AOL NEWS September 7, 2010
Matthew Kalman ContributorAOL News
If the peace talks launched in Washington last week between Israel and the Palestinians deliver on their promise to conclude a peace deal within a year, it's a view Mandell might have to give up sooner than he planned. His hilltop community of some 15,000 is about five miles from the pre-1967 "Green Line" border between Israel and the West Bank. It is also four miles beyond the 400-mile-long security barrier, which was erected by Israel to stop suicide bombers and will likely become the basis of a future border with the emerging Palestinian state.
"Tekoa is on the wrong side of the security fence," Mandell, a resident of this eclectic community since 1999, tells AOL News. "If you told me that the destruction of the village of Tekoa would mean that tomorrow we would have peace in the Middle East, we would all leave -- all but a small minority. We are willing to sacrifice for peace. The whole country is willing to sacrifice for peace, except for a minority of ideologues."
Mandell does not say that lightly, for his sacrifices have already gone deeper than most. In May 2001, Mandell's son Koby, then 13, was brutally beaten to death in a cave near his home along with Yosef Ishran, 14. It was during the height of the Palestinian intifada, with terrorist killings and Israeli reprisals almost every day. The two friends had skipped school to go hiking in the picturesque valley that leads from this hilltop down to the Dead Sea, but political circumstances transformed a schoolboy prank into a deadly tragedy.
"For myself and for my kids, this is really our home," says Mandell. "This is where Koby grew up. I still have relationships built on what happened to Koby. Even though Tekoa has grown considerably in the last couple of years, I walk into the grocery store and I still know most of the people there. On an emotional level, we are woven into the fabric of this village, of the people here. More than the material loss, which I think we'll be compensated for, it would be a ripping apart of a whole lifestyle. It's more than a bunch of houses, more than a bunch of families, it's almost a unique organism that is unable to be duplicated."
"That'll be the real sense of loss. There is no place like Tekoa. It's a place where you can be yourself, be as intensely religious as you want, and yet be as laid-back and tolerant as you like. That's a big loss for my kids, a big loss for my wife and I. Not as big a loss, however, as losing my son," he reflects.
Mandell, a former Hillel campus rabbi from College Park, Md., and his wife Sherri, a writer and poet, stayed on in Tekoa after the murders. They decided to channel their grief into helping others and created the Koby Mandell Foundation, which every year provides support for more than 800 women and children bereaved through the sudden death of a loved one in a terror attack.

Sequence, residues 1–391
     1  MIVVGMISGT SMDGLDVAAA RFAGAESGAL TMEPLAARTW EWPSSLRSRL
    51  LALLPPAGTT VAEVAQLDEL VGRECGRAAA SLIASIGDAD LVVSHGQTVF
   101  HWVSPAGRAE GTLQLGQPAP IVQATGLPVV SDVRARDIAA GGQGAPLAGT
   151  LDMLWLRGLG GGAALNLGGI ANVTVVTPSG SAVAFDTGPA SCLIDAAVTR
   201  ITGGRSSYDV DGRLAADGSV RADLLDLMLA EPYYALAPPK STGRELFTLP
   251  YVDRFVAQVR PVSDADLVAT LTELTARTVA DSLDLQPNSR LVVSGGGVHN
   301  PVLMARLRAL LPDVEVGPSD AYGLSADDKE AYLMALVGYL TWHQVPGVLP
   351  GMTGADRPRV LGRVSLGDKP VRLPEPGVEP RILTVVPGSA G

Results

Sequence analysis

After more than two years without major terror attacks, Camp Koby, the flagship summer event of the foundation, this year opened its doors to children bereaved in other circumstances of sudden death, such as traffic accidents and heart attacks. The experiment was a huge success, says Mandell, with the newcomers easily mixing with the terror family victims, many of whom have been coming to Camp Koby for five years.
"I thought the era of terror attacks was in abeyance, I thought there was a lull. God willing, we're still in the lull," he says.
But now Mandell is preparing to contact the seven children orphaned in last week's attack by Hamas gunmen on a car driving through the West Bank, which killed four residents of the Bet Haggai settlement, including a pregnant woman and a kindergarten teacher for children with special needs.
The attack reinforced Mandell's belief that the willingness of most Israelis to compromise for the sake of peace is not reflected on the Palestinian side.
"Every time there's been a threat of peace, then war breaks out. Every time there's a concession made by the Israelis it has ended up with an intifada or attacks," he says. "I see no evidence that making concessions in terms of land has any peaceful effect. If it did, things would be different."
"I'm completely pessimistic. I don't think the framework necessary for a peaceful resolution exists. There's not enough agreement on the essential issues," he says.
On Sunday, Mandell's pessimism was echoed by Avigdor Lieberman, Israel's foreign minister, who declined to attend the ceremonial opening of the peace talks in Washington. Lieberman bluntly told supporters of his Yisrael Beiteinu ("Israel Our Home") Party that the leaders in Washington were "peddling illusions."
"It must be understood that signing a comprehensive agreement in which both sides agree to end the conflict and end all of their claims and recognize Israel as the nation-state of the Jewish people is a goal that is not achievable in the next year or in the next generation, so any historic compromises or painful concessions won't help," said Lieberman.
Lieberman himself lives on the next hill north from Tekoa, in the West Bank settlement of Nokedim. The foreign minister, an avowedly secular immigrant from the former Soviet Union, comes from a political culture light years away from Mandell's liberal American upbringing. But the two share a bleak assessment of the current peace process, where settlements loom as only one of a host of intractable differences.